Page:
The currency of a great state, such as France or England, generally consists almost entirely of its own coin. Should this currency therefore be at any time, worn, clipt or otherwise degraded below its standard value, the state by a reformation of its coin can effectively re-establish its currency. But the currency of a small state, such as Genoa or Hamburgh, can seldom consist altogether in its own coin, but must be made up, in great measure, of the coins of all the neighboring states with which its inhabitants have a continual intercourse. Such a state, therefore, by reforming its coin will not always be able to reform its currency.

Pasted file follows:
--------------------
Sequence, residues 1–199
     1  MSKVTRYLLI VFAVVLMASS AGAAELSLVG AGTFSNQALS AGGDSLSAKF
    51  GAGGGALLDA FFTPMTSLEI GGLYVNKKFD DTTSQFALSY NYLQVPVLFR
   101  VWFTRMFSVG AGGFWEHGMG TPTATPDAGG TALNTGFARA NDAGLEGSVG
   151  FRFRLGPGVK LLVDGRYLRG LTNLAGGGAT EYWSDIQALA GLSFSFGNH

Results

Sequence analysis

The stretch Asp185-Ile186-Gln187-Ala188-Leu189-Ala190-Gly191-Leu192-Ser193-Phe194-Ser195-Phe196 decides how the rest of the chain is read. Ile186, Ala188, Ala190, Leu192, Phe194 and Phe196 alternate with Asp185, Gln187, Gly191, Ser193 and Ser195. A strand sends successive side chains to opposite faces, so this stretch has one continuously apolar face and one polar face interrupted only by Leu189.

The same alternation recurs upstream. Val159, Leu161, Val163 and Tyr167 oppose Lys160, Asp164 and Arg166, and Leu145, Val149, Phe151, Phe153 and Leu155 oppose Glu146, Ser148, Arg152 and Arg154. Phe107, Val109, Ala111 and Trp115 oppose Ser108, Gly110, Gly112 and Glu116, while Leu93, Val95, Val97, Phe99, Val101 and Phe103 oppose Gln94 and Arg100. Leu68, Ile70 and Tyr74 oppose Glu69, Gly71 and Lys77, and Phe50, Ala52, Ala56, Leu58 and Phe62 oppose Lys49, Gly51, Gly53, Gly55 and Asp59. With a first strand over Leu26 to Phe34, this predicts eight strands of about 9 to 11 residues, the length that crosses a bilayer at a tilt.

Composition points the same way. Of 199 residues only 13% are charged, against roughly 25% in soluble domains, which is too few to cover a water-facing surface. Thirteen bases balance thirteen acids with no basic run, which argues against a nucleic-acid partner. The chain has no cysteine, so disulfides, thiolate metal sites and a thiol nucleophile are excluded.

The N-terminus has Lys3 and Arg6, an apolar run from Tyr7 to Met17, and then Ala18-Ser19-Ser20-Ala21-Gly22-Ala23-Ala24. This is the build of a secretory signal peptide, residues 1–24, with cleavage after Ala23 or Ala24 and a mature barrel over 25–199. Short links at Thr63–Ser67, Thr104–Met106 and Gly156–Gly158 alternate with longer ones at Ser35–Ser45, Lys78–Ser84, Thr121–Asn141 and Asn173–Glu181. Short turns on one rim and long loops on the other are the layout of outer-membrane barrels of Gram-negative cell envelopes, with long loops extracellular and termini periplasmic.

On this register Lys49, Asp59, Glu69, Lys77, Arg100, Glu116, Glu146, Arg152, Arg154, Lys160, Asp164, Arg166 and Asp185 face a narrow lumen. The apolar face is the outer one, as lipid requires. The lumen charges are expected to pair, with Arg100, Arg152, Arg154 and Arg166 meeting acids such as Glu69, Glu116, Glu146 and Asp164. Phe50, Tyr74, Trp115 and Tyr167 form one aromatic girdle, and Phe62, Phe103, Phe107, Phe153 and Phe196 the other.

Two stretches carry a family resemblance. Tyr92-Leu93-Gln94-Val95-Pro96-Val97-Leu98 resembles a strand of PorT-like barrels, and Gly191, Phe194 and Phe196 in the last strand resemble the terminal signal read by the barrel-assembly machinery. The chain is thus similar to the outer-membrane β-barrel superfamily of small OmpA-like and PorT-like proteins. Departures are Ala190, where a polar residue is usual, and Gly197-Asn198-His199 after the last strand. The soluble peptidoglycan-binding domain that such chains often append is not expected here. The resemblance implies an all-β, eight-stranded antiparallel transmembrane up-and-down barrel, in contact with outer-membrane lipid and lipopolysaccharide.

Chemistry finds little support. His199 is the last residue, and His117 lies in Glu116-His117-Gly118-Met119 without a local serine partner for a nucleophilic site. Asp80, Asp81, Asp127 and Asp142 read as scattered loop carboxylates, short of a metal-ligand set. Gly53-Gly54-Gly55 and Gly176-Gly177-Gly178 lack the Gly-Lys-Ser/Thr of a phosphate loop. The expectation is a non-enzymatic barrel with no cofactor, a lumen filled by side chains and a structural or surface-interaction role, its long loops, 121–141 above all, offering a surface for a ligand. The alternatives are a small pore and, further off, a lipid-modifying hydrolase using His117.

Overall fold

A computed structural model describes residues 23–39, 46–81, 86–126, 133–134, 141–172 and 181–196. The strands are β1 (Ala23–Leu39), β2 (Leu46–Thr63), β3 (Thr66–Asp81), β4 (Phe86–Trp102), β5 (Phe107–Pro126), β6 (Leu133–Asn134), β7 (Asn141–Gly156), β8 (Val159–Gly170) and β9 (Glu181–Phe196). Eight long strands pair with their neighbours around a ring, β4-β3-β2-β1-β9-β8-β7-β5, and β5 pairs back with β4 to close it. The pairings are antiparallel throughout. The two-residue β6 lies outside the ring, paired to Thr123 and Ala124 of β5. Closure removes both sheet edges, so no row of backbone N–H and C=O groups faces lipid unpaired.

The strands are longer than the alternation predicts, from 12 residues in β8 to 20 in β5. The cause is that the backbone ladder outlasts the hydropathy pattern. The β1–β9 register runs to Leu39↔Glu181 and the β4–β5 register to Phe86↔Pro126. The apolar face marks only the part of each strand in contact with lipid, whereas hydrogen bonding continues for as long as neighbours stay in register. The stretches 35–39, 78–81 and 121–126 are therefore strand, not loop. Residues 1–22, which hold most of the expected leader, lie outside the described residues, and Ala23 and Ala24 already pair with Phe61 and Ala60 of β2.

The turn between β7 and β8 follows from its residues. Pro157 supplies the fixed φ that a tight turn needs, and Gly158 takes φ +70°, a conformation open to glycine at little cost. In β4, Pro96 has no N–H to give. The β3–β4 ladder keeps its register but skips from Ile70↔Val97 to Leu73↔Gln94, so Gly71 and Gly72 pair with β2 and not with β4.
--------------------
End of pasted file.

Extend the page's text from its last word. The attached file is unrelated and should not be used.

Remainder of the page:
The Wealth of Nations, p.446, New York 1937